Park City parts with popular ‘Church of Dirt’
Oct 18, 2023, 6:23 PM | Updated: 7:11 pm
PARK CITY — City leaders said bad behavior from some brides and grooms have forced them to close down a wedding venue.
The so-called “Church of Dirt” sits in the city’s Bonanza Flat conservation area.
The Park City Council voted to close the venue earlier this month citing issues with misuse and abuse of the area.
“What we see up there on the weekends is it’s very, very popular especially during the fall leaf peeping times, and the ceremonies are also on the weekends,” Trails and Open Space Program Manager Heinrich Deters said.
How the ‘Church of Dirt’ first came about
The site was first constructed by Scott House and his wife for their 2012 wedding.
In a text message to KSL, House wrote, “No permission was obtained, and like a lot of us in those days, we just figured we’d ask for forgiveness if we got caught.”
House said they intended to take down the homemade altar, but got carried away with their reception, then went on their honeymoon. He said when they returned, they found it was still standing and decided to leave it.
Since then, it’s become an unofficial, free wedding venue in high demand.
Couples scratch or paint their name on rock or a piece wood to reserve their wedding date and time. There’s also a planner on site.
Salt Lake City couple Jose Manzo and Mandy Harmon tied the knot at the outdoor venue on Oct. 6, 2023.
“We actually booked a plan B because we were nervous that somehow we missed someone else was going to get married,” Manzo said.
The couple said they love the outdoors, and the nonexistent price tag was a huge plus.
“I think we got really lucky because that was a dream location for us to have it,” Manzo said.
They were one of the last couples to exchange vows there before it was announced it would close.
“The use just grew and grew,” Deters said. “We had numerous reports of, what I have been calling, sort of the privatization of the area.”
Site never approved by city
Deters said wedding planners, caterers and tents would be brought to the venue. He said the city never permitted or approved the site as a wedding venue.
He said after monitoring the use since 2017, the city decided they could no longer police issues that stemmed from the unofficial wedding venue.
“People were actually cordoning off the trailhead up there and basically saying, private event you can’t park up here, and even stopping the trail users,” Deters said.
He said there was some conflict over overlapping wedding dates and times, litter would be left over and the parking lot, available for trail user, was often at capacity.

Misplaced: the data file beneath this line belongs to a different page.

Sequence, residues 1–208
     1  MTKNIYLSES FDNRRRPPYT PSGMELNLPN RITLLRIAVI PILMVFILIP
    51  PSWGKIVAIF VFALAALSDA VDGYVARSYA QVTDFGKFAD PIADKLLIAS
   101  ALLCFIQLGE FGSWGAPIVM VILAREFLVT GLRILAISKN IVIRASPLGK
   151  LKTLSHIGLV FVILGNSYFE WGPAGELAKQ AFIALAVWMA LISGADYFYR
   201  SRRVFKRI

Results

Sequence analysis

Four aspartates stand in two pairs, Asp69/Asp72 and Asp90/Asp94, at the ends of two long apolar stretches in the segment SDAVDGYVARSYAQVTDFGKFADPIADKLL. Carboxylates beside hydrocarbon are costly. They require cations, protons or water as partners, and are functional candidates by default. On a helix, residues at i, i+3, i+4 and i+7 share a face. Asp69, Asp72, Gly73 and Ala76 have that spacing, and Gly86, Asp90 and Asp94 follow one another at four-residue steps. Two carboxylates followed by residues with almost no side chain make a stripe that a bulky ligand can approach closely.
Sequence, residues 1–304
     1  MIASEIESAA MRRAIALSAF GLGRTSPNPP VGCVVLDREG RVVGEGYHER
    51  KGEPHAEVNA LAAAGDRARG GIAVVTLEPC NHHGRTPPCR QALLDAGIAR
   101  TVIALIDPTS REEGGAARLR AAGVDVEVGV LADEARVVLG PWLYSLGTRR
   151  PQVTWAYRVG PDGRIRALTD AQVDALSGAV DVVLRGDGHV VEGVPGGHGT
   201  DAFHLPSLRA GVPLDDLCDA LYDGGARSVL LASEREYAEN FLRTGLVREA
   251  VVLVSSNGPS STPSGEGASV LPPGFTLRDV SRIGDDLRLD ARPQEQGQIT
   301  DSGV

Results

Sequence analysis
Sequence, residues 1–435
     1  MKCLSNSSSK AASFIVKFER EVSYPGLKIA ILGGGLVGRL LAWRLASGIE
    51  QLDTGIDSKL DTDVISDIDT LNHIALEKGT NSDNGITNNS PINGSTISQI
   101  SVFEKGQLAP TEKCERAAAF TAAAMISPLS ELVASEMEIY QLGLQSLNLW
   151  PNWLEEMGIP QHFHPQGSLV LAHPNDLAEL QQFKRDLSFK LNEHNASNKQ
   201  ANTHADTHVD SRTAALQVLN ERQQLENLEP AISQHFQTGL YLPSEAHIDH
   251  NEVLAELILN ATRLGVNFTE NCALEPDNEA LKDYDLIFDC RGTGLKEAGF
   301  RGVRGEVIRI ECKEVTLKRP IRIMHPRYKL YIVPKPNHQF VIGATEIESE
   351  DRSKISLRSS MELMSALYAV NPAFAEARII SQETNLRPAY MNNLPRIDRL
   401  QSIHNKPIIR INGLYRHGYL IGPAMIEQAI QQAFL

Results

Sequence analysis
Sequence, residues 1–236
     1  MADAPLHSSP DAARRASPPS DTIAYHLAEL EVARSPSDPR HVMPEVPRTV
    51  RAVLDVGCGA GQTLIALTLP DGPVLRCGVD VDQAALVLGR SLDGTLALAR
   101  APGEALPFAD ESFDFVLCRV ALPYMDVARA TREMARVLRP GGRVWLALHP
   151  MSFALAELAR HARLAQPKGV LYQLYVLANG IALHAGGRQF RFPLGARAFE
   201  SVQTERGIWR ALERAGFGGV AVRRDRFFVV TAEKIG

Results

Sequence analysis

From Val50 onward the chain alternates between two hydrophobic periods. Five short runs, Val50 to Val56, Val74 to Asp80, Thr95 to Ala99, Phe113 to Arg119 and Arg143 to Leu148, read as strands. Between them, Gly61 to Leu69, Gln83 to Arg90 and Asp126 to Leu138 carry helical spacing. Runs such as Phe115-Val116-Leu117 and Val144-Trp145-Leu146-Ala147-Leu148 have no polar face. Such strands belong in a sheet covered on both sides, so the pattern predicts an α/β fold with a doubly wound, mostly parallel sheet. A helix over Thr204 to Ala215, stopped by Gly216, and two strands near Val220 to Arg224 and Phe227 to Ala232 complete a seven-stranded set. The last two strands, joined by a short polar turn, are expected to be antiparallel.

Park City resident Lenny Leslie has had several friends tie the knot at the Church of Dirt.
“I can’t imagine taking something like this away from the community,” he said.
Leslie said he thinks there needs to be more education for people visiting from out of town, but argues locals should still have access to the site.
“If there are people that are abusing it or not following with the regulations, or just being a good neighbor or good part of the community, they need to change that,” he said. “They need to put in some rules.”
Manzo said parking was a difficulty when he and his wife were planning their wedding. He said they visited the venue one week before their ceremony.
“It seemed very chaotic because it’s a very trafficked area so we were planning how we were going to transport all our guests there,” he said. “We didn’t want to make much of a mess.”
Site became unmanageable
Deters said the influx of visitors ultimately made the site unmanageable.
“We have rangers that are up there and they talk to people,” he said. “Their enforcement ability is basically parking enforcement.”
He said it’s unfortunate the city had to make the decision.
“Probably a few bad apples ruin it for everybody, so that’s what we have to manage to sometimes and it’s unfortunate,” Deters said.
He said the city will take down the altar and pews in November of December when access to the upper part of the road closes.
Leslie said he’ll be sad to see it go.
“To get rid of it I think is a real loss to our Park City community,” he said. “It takes away from the core of who we are.”
House said, for his family and friends, “the site will always be the Church of Dirt regardless of the structures placed there or its recognition.”
The city said it will be contacting the couples who reserved dates in the coming months and years to let them know they will need to find another venue.